Meeting the locals

We hadn't gone fifty meters before we made our first Thai friend. A man in a boy scout uniform greeted us enthusiastically and the three of us stood around laughing and talking football. It was brilliant. Even when he shoved a donation box in front of our faces, we still liked him.

We carried on walking along the Sukhumwit Road as far as Soi Nana, passing all the pavement vendors on the way.

"Look at all these fake Lacoste polo shirts!" exclaimed John

"Never mind those" I said "what about these Hugo Boss t-shirts?"

We went through the motions of doing some casual haggling with one or two of the friendly sellers but this wasn't the time to weigh ourselves down with new threads. We'd be back later in the evening for some serious shopping.

We got into conversation with several tailor's shop owners as well. "Suit for you sir? Come inside my shop and have a beer. Looking no problem"

We couldn't get over how friendly everyone was. What a city! We were buzzing.

Feeling the heat

At the Ploenchit intersection, we started to flag. We expected it to be hot but we'd never experienced temperatures like this.

"Bangkok is like one giant sauna" my Lonely Planet guidebook said "and walking for any distance on the city's broken footpaths is only for the foolhardy"

I think Joe Cummings had a point you know.

I whipped out the fold-up tourist map that I'd procured from the kindly receptionist back at the hotel. Looking at it, we were about half-way between our starting point and Lumpini Park.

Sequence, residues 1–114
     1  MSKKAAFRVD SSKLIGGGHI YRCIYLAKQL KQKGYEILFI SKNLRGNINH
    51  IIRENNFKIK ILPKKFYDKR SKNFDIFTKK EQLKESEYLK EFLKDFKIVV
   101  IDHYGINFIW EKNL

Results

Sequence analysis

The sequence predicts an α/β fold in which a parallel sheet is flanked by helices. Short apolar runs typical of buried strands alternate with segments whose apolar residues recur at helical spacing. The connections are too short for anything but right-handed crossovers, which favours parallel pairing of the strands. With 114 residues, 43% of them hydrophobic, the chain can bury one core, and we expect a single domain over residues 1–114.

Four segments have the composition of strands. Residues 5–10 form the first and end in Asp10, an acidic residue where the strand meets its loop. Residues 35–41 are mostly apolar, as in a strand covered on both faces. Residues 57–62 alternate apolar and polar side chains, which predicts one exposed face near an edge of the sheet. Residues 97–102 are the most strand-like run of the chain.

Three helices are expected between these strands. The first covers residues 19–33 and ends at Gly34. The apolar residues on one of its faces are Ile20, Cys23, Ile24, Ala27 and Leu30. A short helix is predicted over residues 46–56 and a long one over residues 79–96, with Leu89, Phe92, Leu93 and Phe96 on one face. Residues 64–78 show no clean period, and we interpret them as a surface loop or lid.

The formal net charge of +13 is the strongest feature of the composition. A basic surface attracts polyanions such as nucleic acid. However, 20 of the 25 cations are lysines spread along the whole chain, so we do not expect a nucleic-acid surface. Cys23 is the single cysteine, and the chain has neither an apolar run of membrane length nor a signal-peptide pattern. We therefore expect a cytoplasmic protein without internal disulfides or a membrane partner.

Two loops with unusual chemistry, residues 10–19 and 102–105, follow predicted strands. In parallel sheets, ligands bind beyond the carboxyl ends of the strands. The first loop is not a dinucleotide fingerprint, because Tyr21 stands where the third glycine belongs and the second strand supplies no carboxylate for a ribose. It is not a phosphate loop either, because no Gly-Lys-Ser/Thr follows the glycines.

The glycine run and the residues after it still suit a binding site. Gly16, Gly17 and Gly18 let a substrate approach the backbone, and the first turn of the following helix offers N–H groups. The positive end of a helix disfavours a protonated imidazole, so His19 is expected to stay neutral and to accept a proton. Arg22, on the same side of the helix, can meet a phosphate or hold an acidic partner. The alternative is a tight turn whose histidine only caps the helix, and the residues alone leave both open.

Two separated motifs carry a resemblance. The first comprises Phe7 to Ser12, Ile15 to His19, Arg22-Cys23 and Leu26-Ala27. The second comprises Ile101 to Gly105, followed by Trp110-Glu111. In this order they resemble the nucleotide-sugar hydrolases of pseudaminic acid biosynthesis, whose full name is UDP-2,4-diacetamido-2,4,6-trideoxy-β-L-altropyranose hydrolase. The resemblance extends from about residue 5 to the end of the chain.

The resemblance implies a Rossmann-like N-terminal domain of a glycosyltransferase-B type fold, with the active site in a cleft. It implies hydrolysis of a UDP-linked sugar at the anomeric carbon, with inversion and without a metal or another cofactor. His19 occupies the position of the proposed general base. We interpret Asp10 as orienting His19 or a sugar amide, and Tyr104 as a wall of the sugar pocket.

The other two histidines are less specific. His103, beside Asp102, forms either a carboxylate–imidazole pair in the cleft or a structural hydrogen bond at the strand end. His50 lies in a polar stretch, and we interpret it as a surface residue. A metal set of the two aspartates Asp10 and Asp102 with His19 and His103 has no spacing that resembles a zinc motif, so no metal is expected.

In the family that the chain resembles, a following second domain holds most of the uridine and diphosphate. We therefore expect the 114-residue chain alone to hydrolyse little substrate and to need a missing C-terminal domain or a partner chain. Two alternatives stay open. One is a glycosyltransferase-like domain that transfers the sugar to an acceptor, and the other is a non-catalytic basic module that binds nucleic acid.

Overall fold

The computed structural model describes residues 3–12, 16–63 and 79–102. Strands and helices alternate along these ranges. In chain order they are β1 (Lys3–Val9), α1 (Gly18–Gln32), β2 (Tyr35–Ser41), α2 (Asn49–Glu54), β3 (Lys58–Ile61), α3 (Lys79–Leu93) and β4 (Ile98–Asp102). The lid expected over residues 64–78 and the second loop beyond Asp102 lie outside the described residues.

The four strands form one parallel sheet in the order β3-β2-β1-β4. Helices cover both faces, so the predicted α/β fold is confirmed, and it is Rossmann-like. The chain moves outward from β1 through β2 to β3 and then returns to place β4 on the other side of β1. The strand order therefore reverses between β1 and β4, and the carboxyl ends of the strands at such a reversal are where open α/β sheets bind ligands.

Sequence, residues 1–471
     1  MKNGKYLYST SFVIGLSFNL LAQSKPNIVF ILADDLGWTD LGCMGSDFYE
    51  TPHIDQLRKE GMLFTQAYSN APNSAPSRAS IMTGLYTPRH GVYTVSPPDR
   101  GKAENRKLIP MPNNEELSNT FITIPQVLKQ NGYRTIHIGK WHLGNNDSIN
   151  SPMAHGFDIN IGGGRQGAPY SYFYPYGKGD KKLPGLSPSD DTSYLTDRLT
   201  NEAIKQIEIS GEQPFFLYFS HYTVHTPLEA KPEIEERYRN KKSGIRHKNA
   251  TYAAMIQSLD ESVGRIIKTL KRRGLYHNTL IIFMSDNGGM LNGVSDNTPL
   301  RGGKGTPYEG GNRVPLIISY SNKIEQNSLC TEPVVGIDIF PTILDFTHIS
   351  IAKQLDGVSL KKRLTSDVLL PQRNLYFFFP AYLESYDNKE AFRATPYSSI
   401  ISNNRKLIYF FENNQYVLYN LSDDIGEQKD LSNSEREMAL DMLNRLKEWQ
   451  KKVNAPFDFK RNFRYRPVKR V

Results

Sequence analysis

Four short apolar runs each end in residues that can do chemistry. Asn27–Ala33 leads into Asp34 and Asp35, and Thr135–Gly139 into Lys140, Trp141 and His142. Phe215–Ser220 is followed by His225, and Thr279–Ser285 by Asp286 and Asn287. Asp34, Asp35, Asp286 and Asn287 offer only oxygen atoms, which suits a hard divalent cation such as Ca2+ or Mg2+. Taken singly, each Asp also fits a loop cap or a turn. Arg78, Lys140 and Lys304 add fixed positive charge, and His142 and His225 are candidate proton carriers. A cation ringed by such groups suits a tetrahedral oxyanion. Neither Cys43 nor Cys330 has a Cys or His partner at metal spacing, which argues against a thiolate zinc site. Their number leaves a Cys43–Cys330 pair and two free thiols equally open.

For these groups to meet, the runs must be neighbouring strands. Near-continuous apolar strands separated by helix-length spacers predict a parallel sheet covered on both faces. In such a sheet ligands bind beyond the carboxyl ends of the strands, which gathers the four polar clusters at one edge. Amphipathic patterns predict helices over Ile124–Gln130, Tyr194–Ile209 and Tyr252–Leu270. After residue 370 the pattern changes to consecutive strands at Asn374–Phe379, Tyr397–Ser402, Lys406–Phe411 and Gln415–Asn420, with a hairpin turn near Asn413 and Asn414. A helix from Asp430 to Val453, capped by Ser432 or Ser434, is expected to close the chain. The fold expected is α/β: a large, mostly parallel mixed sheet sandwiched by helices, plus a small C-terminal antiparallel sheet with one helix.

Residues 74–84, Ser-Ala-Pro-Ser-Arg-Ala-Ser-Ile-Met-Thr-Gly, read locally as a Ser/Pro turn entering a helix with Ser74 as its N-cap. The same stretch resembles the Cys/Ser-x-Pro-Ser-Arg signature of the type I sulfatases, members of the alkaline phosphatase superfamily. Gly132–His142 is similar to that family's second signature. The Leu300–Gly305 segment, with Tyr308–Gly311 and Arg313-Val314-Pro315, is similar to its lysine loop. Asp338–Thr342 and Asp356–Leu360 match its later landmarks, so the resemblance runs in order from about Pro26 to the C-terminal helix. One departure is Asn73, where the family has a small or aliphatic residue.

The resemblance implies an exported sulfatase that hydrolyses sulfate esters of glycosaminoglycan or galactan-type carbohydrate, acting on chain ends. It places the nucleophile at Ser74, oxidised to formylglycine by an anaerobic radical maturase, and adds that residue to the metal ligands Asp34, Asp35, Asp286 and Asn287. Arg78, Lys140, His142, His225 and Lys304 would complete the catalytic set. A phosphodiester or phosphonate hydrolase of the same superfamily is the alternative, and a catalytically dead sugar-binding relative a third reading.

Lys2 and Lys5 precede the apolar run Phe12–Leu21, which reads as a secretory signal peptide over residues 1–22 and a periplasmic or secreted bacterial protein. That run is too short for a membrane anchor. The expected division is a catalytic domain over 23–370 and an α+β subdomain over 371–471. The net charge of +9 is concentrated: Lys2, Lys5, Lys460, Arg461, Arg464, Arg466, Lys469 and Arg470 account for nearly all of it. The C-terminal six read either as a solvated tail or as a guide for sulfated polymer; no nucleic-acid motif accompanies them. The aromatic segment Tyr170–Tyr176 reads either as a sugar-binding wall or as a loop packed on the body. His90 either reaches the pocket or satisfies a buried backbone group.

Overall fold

"Come on mate. Let's get a tuk-tuk!"

This was a moment we'd both looked forward to - the opportunity to zip around Bangkok on some three-wheeled buzz-saw. It doesn't get any better than that. John stuck his hand out and a tuk-tuk appeared as if by magic. We then spent forever trying to haggle the fare down from forty baht to twenty. Not because we needed to save an extra twenty baht but because we were in Asia. No one pays the asking price for anything here. It said so in the guidebooks.

The driver dropped us off at the entrance to Lumpini Park and after we'd taken the obligatory photos and given him some hearty backslaps (as if he'd become our new best mate) we enjoyed a stroll through the park, smiling inanely at every passer-by. And the prettier the passer-by, the wider the smile. What a couple of plonkers!

Patpong at last!

From there it was just a short walk down Silom Road to Patpong and Bangkok's legendary red light district.

As any Bangkok old hand will tell you though, there are fewer sights more depressing than a mid-afternoon Patpong . Even when the sun's out and the sky's blue, the area still manages a greyness all of its own. Bars are closed, the neon lights are switched off and the only sounds are the revving of engines and the rattle of beer crates being delivered. But John and I were on too much of a high to start feeling downcast.

A handful of shady touts and chancers still tried to lure us into an upstairs sex show for some afternoon tittilation but naïve as we were, our instincts told us this was a bad idea. We had some friendly banter with them and said we'd come back another time. I bet they'd heard that line before.